**Time to reimagine the web - Stark Space, Devcon!**

by Phenomenology TechnologyOctober 27th, 2024

**Authors:**

(1) Dorian W. P. Amaral, Department of Physics and Astronomy, Rice University and These authors contributed approximately equally to this work;

(2) Mudit Jain, Department of Physics and Astronomy, Rice University, Theoretical Particle Physics and Cosmology, King’s College London and These authors contributed approximately equally to this work;

(3) Mustafa A. Amin, Department of Physics and Astronomy, Rice University;

(4) Christopher Tunnell, Department of Physics and Astronomy, Rice University.

2 Calculating the Stochastic Wave Vector Dark Matter Signal

3 Statistical Analysis and 3.1 Signal Likelihood

4 Application to Accelerometer Studies

4.1 Recasting Generalised Limits onto B − L Dark Matter

6 Conclusions, Acknowledgments, and References

A Equipartition between Longitudinal and Transverse Modes

B Derivation of Marginal Likelihood with Stochastic Field Amplitude

D The Case of the Gradient of a Scalar

Abstract: (Ultra)light spin-1 particles—dark photons—can constitute all of dark matter (DM) and have beyond Standard Model couplings. This can lead to a coherent, oscillatory signature in terrestrial detectors that depends on the coupling strength. We provide a signal analysis and statistical framework for inferring the properties of such DM by taking into account (i) the stochastic and (ii) the vector nature of the underlying field, along with (iii) the effects due to the Earth’s rotation. On time scales shorter than the coherence time, the DM field vector typically traces out a fixed ellipse. Taking this ellipse and the rotation of the Earth into account, we highlight a distinctive three-peak signal in Fourier space that can be used to constrain DM coupling strengths. Accounting for all three peaks, we derive latitude-independent constraints on such DM couplings, unlike those stemming from single-peak studies. We apply our framework to the search for ultralight B − L DM using optomechanical sensors, demonstrating the ability to delve into previously unprobed arXiv:2403.02381v1 [hep-ph] 4 Mar 2024 regions of this DM candidate’s parameter space.

A widely pursued DM candidate is the light/ultralight vector dark matter (VDM) particle. Several early-universe production mechanisms exist for such dark matter [20–30] and, recently, numerical simulations of structure formation of light, vector dark matter in the nonlinear regime have been carried out (e.g. [31–33]). Our focus here is on the detection prospects of this kind of dark matter. Many dedicated studies have been conducted on the detection or exclusion of vectors [34–42] as well as scalars [35, 39, 42–49]. However, for the vector case, the analyses focusing on the Fourier space signal did not fully account for the vector nature and stochastic aspects of the field in their statistical treatment, and nor did they model the effect of the rotation of the Earth [36, 38]. In this work, we take these effects into account when studying the sensitivity of mono-directional accelerometers to ultralight vector dark matter.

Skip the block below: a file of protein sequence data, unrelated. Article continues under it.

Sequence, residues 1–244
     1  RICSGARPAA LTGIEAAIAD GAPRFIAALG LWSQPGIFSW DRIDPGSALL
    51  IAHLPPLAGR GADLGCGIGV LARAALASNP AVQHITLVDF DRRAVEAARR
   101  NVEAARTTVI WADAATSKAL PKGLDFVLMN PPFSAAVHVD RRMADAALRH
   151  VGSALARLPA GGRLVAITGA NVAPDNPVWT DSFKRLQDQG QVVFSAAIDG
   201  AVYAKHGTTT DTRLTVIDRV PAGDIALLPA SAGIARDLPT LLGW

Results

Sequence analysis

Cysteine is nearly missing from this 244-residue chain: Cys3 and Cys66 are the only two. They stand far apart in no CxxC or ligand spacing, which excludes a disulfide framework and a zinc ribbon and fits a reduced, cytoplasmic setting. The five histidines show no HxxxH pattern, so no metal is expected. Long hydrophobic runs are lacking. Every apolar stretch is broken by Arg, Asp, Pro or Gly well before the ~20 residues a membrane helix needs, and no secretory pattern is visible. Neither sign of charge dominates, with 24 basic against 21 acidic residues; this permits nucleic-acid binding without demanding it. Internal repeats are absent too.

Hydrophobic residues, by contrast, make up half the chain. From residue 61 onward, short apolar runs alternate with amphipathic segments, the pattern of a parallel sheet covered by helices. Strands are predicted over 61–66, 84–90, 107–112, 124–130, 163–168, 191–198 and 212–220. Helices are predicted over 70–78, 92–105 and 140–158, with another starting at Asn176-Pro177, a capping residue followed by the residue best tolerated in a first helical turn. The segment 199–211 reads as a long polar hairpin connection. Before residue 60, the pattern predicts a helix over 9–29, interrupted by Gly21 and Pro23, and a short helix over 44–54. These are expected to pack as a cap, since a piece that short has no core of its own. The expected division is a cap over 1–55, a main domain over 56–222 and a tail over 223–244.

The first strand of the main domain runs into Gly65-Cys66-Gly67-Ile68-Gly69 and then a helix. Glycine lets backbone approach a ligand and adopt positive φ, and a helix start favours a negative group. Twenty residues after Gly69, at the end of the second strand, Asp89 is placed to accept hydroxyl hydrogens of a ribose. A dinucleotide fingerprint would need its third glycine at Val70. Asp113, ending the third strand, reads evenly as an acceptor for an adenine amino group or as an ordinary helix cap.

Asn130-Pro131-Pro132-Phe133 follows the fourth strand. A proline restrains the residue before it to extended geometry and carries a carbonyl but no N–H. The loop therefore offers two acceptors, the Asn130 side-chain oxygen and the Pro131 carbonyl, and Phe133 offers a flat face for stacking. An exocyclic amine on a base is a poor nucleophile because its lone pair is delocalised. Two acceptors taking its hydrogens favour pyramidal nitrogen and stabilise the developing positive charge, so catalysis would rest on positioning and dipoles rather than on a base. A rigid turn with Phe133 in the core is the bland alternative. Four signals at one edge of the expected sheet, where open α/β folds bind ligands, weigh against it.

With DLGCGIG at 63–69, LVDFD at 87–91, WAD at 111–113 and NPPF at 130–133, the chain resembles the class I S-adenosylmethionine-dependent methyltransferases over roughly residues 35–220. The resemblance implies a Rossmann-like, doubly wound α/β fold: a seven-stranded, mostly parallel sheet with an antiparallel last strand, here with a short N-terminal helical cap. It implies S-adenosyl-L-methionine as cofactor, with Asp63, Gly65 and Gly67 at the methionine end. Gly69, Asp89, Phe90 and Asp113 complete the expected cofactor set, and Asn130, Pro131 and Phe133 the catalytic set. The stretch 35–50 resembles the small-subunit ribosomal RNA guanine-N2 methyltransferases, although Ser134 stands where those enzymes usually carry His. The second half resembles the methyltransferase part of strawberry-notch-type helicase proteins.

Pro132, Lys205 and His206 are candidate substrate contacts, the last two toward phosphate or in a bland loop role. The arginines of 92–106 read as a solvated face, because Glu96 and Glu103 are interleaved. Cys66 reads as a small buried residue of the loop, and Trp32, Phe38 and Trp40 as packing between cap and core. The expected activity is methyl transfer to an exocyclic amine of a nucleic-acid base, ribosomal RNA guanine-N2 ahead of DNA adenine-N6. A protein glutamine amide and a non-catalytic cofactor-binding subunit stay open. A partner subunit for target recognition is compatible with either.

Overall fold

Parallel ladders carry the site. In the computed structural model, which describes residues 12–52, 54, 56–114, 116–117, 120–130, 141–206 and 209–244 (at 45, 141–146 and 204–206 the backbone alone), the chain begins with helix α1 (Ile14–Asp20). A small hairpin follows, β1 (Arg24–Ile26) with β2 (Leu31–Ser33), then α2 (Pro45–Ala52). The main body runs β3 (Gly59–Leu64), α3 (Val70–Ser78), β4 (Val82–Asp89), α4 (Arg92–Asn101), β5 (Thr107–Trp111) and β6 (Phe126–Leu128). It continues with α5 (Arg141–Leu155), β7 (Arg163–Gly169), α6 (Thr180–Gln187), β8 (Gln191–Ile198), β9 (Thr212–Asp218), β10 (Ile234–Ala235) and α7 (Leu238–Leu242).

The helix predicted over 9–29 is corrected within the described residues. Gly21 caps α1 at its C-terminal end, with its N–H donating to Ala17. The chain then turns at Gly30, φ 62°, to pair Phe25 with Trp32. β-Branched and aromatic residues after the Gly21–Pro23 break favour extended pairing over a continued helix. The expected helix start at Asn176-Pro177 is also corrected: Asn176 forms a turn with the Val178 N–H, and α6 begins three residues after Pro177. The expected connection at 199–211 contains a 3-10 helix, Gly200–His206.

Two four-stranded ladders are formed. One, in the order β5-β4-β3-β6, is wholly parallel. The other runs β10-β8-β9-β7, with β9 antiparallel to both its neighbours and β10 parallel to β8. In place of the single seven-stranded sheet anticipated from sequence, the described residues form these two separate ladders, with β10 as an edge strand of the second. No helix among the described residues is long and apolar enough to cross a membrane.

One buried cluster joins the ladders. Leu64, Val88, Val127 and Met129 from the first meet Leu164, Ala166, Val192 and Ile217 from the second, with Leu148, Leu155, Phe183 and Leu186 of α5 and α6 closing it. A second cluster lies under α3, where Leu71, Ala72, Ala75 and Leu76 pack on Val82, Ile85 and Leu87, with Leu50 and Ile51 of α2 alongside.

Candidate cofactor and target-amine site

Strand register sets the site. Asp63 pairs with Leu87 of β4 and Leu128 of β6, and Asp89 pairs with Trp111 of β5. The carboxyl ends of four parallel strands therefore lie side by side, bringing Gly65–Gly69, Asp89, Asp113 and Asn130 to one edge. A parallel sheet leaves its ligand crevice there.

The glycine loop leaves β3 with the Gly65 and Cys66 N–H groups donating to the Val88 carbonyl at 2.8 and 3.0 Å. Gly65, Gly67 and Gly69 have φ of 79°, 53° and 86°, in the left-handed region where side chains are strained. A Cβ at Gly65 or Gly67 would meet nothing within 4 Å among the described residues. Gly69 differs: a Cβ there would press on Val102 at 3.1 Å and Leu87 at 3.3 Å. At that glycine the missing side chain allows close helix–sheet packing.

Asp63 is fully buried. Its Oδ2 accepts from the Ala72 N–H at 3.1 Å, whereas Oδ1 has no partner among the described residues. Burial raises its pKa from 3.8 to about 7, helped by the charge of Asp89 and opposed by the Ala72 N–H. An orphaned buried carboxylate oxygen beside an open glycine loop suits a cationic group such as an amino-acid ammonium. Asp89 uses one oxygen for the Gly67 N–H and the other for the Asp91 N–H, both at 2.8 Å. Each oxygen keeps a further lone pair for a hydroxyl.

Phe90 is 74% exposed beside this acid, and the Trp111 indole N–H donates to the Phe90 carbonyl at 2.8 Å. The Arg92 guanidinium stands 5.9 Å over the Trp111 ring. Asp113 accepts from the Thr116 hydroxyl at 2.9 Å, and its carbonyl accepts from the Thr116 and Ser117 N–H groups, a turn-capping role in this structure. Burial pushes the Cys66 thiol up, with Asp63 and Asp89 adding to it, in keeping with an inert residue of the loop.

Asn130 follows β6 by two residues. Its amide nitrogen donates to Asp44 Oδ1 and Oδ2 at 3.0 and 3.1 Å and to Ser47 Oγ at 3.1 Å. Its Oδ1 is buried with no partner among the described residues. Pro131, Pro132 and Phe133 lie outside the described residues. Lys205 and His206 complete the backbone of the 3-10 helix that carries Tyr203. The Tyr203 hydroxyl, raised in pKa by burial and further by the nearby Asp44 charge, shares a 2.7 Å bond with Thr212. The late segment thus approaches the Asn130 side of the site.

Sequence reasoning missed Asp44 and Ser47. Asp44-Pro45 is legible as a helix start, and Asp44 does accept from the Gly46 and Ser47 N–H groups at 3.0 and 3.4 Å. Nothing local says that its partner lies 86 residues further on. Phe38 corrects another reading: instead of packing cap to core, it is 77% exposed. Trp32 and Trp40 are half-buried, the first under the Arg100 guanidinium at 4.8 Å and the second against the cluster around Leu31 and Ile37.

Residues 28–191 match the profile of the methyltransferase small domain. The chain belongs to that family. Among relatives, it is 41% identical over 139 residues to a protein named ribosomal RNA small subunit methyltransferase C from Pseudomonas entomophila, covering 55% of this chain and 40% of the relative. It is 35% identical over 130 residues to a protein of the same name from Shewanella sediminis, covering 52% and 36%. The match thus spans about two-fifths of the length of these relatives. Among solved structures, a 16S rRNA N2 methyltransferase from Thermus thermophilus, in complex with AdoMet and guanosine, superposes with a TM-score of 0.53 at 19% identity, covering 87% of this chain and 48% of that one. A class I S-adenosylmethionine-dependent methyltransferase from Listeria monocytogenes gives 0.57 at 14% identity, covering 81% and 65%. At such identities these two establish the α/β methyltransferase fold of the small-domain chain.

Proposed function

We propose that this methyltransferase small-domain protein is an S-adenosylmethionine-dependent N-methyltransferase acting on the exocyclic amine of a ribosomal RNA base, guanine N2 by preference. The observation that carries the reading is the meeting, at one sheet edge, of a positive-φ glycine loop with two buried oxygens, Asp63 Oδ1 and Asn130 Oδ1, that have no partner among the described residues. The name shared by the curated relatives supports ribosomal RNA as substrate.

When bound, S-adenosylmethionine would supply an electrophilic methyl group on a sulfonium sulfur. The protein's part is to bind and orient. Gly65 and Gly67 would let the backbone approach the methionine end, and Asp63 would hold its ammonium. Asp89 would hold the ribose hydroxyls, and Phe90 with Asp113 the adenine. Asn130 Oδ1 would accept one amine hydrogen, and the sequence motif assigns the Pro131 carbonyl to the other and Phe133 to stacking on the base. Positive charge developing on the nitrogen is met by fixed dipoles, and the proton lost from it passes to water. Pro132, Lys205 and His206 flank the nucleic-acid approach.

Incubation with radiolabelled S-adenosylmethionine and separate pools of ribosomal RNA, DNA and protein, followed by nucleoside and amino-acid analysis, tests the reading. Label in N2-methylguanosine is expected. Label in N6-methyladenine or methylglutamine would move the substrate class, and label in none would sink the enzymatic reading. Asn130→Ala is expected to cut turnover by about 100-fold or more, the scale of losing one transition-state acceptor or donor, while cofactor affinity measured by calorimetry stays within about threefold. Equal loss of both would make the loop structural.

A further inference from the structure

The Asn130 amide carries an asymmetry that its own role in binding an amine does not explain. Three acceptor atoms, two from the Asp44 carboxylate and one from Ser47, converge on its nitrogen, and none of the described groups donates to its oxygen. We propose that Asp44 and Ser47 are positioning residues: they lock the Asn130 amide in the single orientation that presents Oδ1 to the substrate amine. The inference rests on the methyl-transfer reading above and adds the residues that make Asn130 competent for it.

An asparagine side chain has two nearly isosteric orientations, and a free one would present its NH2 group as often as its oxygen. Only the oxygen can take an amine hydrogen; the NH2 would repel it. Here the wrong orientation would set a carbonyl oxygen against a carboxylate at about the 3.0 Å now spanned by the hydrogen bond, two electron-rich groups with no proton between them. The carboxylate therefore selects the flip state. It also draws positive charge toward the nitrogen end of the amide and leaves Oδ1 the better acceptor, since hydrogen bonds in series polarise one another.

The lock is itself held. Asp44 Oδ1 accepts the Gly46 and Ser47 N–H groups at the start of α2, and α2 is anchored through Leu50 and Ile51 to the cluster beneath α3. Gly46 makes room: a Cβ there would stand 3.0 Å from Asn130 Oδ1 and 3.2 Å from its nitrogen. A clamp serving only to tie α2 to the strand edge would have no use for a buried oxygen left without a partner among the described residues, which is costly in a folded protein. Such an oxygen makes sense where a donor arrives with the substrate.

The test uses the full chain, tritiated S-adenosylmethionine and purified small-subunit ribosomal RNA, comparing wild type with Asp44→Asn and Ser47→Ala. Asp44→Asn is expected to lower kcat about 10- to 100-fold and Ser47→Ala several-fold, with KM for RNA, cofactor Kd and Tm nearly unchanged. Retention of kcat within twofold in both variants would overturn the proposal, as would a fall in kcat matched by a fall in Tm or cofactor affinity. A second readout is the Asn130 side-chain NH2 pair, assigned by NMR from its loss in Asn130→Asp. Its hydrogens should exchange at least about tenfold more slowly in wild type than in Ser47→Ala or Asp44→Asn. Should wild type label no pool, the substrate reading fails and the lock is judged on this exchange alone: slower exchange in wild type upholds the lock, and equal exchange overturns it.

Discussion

Given the recent and substantial research and development efforts in quantum technologies, we are specifically interested in timely studies aimed at understanding the potential of quantum optomechanical sensors in the direct detection of dark matter. Mechanical detectors have a rich history in tests of gravity, including LIGO, and in recent years there has been a surge in efforts to explore their potential in quantum sensing for fundamental physics investigations (see reviews [50–52]). We are only beginning to understand the new opportunities for dark matter searches [53–58] in light of significant advances in quantum readout and control of mechanical sensing devices using optical or microwave light [59– 61]. Accurately modeling the dark matter signal and the associated statistics is crucial for drawing representative inferences, guiding these quantum research and development efforts and aiding in experimental design. This is particularly relevant for large-scale accelerometer projects, such as the one proposed by the Windchime collaboration [62]. Such sensors have demonstrated potential as powerful probes for the wavelike signature produced by ultralight dark matter [63].

In this paper, we devise the analysis strategy for ultralight vector dark matter in the coherent regime to draw more representative exclusion inferences in the future. We begin by laying the theoretical groundwork for this DM paradigm in Section 2, where we derive the DM signal in both the time and frequency domains, taking into account both its stochastic and polarization properties, as well as accounting for the rotation of the Earth. We then perform statistical analyses of the DM signal in the frequency domain in Section 3. We derive a limit on a generalised parameter that is independent of the vector dark matter model and experimental parameters, which can be recast to concrete choices of them. Unlike other studies that focus solely on a single peak, our findings reveal that the signal power is distributed across three distinct peaks. Accounting for this distribution ensures the retention of constraining power, regardless of the experiment’s location on Earth. Finally, in Section 4, we apply our framework to a concrete dark matter model and sensor: B − L dark matter and the canonical optomechanical light cavity.

This paper is available on arxiv under CC BY-SA 4.0 DEED license.

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